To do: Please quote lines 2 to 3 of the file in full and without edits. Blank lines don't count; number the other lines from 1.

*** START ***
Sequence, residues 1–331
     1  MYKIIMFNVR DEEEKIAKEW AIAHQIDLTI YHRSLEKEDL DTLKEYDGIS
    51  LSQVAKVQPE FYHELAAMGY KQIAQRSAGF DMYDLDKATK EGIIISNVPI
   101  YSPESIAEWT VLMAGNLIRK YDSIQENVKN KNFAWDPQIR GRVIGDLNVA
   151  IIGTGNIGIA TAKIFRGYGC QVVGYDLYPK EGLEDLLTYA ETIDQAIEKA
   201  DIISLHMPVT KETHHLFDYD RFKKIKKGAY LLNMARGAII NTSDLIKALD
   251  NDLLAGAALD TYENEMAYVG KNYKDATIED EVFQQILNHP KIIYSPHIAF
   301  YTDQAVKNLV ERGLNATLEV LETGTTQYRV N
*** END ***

     1  MYKIIMFNVR DEEEKIAKEW AIAHQIDLTI YHRSLEKEDL DTLKEYDGIS
    51  LSQVAKVQPE FYHELAAMGY KQIAQRSAGF DMYDLDKATK EGIIISNVPI